277  MathProg (*.mod), C API calls (*.c), CPLEX input file format (*.lpt),   
278  MPS format (*.mps) as well as some specific Traveling Salesman examples
279  (*.tsp).                                                               
280
281  All of the examples can be found in the GLPK distribution examples     
282  sub-directory.                                                         
283
284
285  Q. What are the future plans for GLPK?                                 
286
287  A. Developments planned for GLPK include improving the existing key     
288  GLPK components, such as developing a more robust and more efficient   
289  implementation of the simplex-based and interior-point solvers. Future 
290  GLPK enhancements planned are implementing a branch-and-cut solver, a   
291  MIP pre-processor, post-optimal and sensitivity analysis and possibly   
292  network simplex and quadratic programming solvers.                     
293
294
295  Q. How do I report a GLPK bug?                                         
296
297  A. If you think you have found a bug in GLPK, then you should send as   
298  complete a report as possible to <bug-glpk@gnu.org>.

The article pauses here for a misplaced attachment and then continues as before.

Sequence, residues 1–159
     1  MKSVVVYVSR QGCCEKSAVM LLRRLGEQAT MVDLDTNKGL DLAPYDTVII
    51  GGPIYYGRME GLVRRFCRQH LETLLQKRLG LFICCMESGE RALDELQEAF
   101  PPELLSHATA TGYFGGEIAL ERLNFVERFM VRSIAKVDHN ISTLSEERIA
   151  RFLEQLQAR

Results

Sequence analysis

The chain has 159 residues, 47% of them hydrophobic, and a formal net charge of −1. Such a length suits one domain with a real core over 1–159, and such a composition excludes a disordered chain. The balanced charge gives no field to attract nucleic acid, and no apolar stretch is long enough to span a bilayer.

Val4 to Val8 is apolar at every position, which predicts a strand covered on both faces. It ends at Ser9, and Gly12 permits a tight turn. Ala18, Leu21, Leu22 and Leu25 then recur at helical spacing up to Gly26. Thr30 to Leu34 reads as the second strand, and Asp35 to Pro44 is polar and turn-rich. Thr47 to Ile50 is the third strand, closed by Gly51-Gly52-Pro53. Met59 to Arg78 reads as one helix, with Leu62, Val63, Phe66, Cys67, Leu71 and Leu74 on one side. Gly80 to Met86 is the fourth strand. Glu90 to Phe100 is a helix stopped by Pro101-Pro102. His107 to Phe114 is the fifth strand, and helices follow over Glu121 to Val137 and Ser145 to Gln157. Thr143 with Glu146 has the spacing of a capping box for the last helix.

299
300
301  Q. How do I contribute to the GLPK development?                         
302
303  A. At present new GLPK development patches should be emailed to Andrew 
304  Makhorin <mao@mai2.rcnet.ru >, with sufficient documentation and test   
305  code to explain the nature of the patch, how to install it and the     
306  implications of its use. Before commencing any major GLPK development   
307  for inclusion in the GLPK distribution, it would be a good idea to     
308  discuss the idea on the GLPK mailing list.                             
309
310
311  Q. How do I compile and link a GLPK application on a UNIX platform?     
312
313  A. To compile a GLPK application on a UNIX platform, then compiler must
314  be able to include the GLPK include files and link to the GLPK library.
315  For example, on a system where the GLPK system is installed:           
316
317  gcc mylp.c -o mylp -lglpk                                               
318
319  or specify the include files and libglpk.a explicitly, if GLPK is not   
320  installed.                                                             
321
322
323  Q. How do I compile and link a GLPK application on a Win32 platform?   
324
325  A. On a Win32 platform, GLPK is implemented either as a Win32 Dynamic   
326  Link Library (DLL) or can be statically linked to the glpk*.lib file.   
327  As with the UNIX instructions, a GLPK application must set a path to   
328  the GLPK include files and also reference the GLPK library if           
329  statically linked.                                                     
330
331